PMG-Graded $10,000 Note Scores Record $456,000 in Heritage Sale


An extremely rare banknote certified by Paper Money Guaranty (PMG) realized a record-setting $456,000 in a sale presented by Heritage Auctions. Three other PMG-graded notes also realized prices over $100,000 at the Central States Currency Signature Auction, held April 21-23, 2021.

1928 $10,000 Federal Reserve Note
1928 $10,000 Federal Reserve Note, graded PMG 30 Very Fine

The 1928 $10,000 Federal Reserve Note (Kansas City) graded PMG 30 Very Fine (lot 22175) nearly doubled its pre-auction estimate of $250,000 and up. Only 10 of these 1928 Series notes are known to have survived, including two in museums, according to Heritage. This exceptionally rare piece is also the first of these notes known from the Kansas City District.

1928 $10,000 Federal Reserve Note - Reverse
Reverse side of $10,000 note

The $456,000 price set a new record for a piece of Small Size US currency. A new benchmark had just been established three months earlier by the "Del Monte" error note. That 1996 $20 Federal Reserve Note (St. Louis), graded PMG 64 Choice Uncirculated EPQ with an Obstructed Printing Error, realized $396,000 in another Heritage sale. Its nickname derives from a banana sticker that found its way onto the front of the note between printings.

"Heritage Auctions is always excited to offer trophy notes like this $10,000 note and the ‘Del Monte’ note," said Dustin Johnston, Vice President of Currency Auctions at Heritage. "Industry-leading grading gives bidders added confidence. The assurances that PMG certification provides are integral to the value of iconic numismatic rarities."

Another high-denomination note certified by PMG was the second-highest lot in the auction. That note, a 1934 $5,000 Federal Reserve Note (St. Louis) graded PMG 64 Choice Uncirculated (lot 22173), realized $168,000. This is one of the highest-graded examples among just over 100 $5,000 Small Size Federal Reserve Notes in the PMG Population Report.

"PMG is thrilled to have certified so many of the world’s greatest paper money rarities," said Chad Hawk, PMG Grading Finalizer. "Given heightened interest in numismatics recently, I have no doubt we will see more PMG-certified banknotes setting records in the near future."

Other PMG-certified highlights in the sale included:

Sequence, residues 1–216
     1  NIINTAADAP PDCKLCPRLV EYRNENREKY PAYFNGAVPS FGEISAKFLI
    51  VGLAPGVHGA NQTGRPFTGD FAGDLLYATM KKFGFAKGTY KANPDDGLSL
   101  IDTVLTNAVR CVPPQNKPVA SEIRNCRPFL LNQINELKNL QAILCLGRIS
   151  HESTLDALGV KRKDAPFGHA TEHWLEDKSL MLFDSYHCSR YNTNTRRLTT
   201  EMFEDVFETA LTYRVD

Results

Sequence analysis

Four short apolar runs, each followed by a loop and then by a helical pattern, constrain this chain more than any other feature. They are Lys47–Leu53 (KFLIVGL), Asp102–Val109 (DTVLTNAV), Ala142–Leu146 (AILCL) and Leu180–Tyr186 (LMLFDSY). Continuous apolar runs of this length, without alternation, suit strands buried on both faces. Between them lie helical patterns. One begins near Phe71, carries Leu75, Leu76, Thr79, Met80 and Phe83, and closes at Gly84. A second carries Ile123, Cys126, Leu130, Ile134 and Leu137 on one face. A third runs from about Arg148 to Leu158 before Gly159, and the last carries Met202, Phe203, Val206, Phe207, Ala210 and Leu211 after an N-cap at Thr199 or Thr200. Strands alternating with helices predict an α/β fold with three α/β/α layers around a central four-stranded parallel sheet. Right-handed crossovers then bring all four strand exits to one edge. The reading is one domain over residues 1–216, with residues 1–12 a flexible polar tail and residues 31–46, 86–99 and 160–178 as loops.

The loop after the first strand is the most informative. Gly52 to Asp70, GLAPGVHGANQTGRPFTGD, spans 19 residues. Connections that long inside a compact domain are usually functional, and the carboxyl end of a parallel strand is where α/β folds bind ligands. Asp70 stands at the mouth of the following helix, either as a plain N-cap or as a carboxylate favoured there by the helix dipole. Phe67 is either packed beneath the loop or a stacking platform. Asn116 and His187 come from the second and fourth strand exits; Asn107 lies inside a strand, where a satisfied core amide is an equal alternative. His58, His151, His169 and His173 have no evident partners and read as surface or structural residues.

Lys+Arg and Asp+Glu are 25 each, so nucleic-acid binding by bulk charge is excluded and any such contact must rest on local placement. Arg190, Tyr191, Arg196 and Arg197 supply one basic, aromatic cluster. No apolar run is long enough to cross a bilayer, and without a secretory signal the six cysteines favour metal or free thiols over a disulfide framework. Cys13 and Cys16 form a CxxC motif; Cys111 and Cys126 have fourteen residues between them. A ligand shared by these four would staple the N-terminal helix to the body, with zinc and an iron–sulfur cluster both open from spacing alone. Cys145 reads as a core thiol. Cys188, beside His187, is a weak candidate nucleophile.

• a 1934 $5,000 Federal Reserve Note (Dallas) graded PMG 58 Choice About Uncirculated (lot 22174) that realized $144,000

  • a Third Issue 10 Cents Fractional Currency graded PMG 40 Extremely Fine (lot 22019) that realized $108,000

  • a group of four 1899 $1 Silver Certificates: two graded PMG 66 Gem Uncirculated EPQ, one graded PMG 65 Gem Uncirculated EPQ, and one graded PMG 58 Choice About Uncirculated EPQ (lot 22057) — with consecutive serial numbers, including a solid 9s and a "100 Million" — that realized $66,000

  • an 1880 $100 Silver Certificate graded PMG 30 Very Fine (lot 22080) that realized $55,200

  • an 1880 $50 Silver Certificate graded PMG 20 Very Fine (lot 22076) that realized $45,000

  • a group of two 1934/1934A $1,000 Federal Reserve Notes (Kansas City) graded PMG 66 Gem Uncirculated EPQ and PMG 65 Gem Uncirculated EPQ (lot 22172) — attributed as a Reverse Changeover Pair — that realized $43,200

  • a 1928 $1,000 Gold Certificate graded PMG 55 About Uncirculated (lot 22182) that realized $38,400

  • a 1776 Continental Currency $20 graded PMG 55 About Uncirculated and pedigreed to Eric P. Newman (lot 22001) that realized $33,600

Prices realized include buyer’s premium.

About Paper Money Guaranty® (PMG®)

Founded in 2005, PMG is the world’s largest and most trusted third-party paper money grading service, with more than 6 million banknotes certified. PMG has established the industry’s highest standards of accuracy, consistency and integrity. Every note that PMG certifies is backed by the comprehensive PMG Guarantee of authenticity and grade, which gives buyers greater confidence. This results in higher prices realized and greater liquidity for PMG-certified notes. To learn more, visit

Notify of
Inline Feedbacks
View all comments